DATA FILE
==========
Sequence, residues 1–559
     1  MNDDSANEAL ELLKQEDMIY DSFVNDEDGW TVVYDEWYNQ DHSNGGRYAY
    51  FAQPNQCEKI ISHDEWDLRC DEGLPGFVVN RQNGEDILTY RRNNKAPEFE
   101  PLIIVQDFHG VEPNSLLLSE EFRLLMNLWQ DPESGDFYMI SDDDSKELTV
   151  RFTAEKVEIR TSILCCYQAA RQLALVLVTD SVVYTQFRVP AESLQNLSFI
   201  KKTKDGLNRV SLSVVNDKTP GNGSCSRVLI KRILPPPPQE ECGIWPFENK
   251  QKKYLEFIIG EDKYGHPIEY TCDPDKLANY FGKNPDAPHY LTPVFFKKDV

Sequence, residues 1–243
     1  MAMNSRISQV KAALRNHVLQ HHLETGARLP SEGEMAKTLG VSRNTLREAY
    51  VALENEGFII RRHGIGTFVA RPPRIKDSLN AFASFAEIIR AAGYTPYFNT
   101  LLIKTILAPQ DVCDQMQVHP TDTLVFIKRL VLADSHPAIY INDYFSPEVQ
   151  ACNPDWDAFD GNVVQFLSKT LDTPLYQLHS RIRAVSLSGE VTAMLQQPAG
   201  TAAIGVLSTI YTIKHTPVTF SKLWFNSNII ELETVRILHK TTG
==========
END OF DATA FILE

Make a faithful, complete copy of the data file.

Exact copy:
Sequence, residues 1–559
     1  MNDDSANEAL ELLKQEDMIY DSFVNDEDGW TVVYDEWYNQ DHSNGGRYAY
    51  FAQPNQCEKI ISHDEWDLRC DEGLPGFVVN RQNGEDILTY RRNNKAPEFE
   101  PLIIVQDFHG VEPNSLLLSE EFRLLMNLWQ DPESGDFYMI SDDDSKELTV
   151  RFTAEKVEIR TSILCCYQAA RQLALVLVTD SVVYTQFRVP AESLQNLSFI
   201  KKTKDGLNRV SLSVVNDKTP GNGSCSRVLI KRILPPPPQE ECGIWPFENK
   251  QKKYLEFIIG EDKYGHPIEY TCDPDKLANY FGKNPDAPHY LTPVFFKKDV

Sequence, residues 1–243
     1  MAMNSRISQV KAALRNHVLQ HHLETGARLP SEGEMAKTLG VSRNTLREAY
    51  VALENEGFII RRHGIGTFVA RPPRIKDSLN AFASFAEIIR AAGYTPYFNT
   101  LLIKTILAPQ DVCDQMQVHP TDTLVFIKRL VLADSHPAIY INDYFSPEVQ
   151  ACNPDWDAFD GNVVQFLSKT LDTPLYQLHS RIRAVSLSGE VTAMLQQPAG
   201  TAAIGVLSTI YTIKHTPVTF SKLWFNSNII ELETVRILHK TTG